Since Debian 4.0 or some such, when your MAC address changes, your interfaces changes too. So if you spoof the MAC address of your nic, or you clone a Debian 5.0 VirtualBox guest and assign it a new different random MAC address, or if your nic broke down and you replaced it, the new nic will be assigned to eth1 instead of eth0 (if you previously only had one network card in your machines, that is). Chances are your statically defined network settings (in /etc/network/interfaces) will not work anymore, because they refer to eth0, and not to eth1.
The reason behind this appears to be Udev. It keeps a list of MAC addresses and which interfaces they were assigned to, and when it sees a new MAC, it assumes that is a new network card, and so assigns it a new ethX interface. This is both a good thing, as it will keep your system from rearranging all the nic's if you add one or one dies, and a bad thing, as your network will not come up anymore if you've replaced the previous nic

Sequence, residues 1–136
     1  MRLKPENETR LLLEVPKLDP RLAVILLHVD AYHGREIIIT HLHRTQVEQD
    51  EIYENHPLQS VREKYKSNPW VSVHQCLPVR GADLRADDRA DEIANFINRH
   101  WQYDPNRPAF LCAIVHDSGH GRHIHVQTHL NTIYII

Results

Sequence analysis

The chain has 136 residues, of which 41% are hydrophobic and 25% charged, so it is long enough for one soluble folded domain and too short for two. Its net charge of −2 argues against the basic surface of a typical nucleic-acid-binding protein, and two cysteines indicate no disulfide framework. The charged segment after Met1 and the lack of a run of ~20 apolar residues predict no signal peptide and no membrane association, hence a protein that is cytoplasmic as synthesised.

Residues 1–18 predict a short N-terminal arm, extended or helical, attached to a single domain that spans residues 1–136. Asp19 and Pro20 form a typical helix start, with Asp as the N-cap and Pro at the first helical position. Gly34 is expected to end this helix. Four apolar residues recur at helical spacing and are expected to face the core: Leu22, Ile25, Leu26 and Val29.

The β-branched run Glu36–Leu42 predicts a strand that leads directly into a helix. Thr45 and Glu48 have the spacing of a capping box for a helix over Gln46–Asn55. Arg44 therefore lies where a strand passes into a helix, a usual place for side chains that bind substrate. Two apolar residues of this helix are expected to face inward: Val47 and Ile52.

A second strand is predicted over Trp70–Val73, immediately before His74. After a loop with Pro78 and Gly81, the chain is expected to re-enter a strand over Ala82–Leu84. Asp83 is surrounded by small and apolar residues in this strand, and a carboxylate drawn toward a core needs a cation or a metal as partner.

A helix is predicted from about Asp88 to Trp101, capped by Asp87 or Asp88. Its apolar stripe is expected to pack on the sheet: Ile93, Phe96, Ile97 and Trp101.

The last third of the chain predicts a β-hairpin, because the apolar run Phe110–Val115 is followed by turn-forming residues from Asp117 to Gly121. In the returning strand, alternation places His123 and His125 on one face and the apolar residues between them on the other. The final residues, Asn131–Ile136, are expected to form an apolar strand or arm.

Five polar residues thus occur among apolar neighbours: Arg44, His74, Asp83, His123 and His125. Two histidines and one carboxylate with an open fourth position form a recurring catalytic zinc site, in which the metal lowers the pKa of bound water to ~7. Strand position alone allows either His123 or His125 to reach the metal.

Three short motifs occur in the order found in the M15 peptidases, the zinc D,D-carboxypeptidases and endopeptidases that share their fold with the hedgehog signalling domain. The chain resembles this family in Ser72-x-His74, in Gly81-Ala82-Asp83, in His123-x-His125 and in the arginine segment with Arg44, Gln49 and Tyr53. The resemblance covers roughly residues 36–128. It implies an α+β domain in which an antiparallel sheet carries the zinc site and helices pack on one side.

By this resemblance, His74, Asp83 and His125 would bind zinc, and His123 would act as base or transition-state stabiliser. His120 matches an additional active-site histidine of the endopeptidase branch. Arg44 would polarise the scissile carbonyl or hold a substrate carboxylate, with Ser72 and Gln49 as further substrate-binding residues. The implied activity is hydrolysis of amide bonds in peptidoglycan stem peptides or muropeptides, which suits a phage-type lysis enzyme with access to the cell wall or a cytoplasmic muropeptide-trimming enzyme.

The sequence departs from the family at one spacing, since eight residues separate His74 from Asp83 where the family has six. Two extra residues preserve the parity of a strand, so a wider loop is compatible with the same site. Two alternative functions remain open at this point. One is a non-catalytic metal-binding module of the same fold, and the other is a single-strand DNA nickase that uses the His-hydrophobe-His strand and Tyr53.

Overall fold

To fix this, log in at the console as root, find a file named something like persistent-net.rules in the /etc/udev/rules.d/. The file may be prepended with some and remove all the lines in that file below the You can modify it... line.
When done, reboot. (I haven't yet found out how to regenerate the file. Running the executable the file mentions doesn't work for me).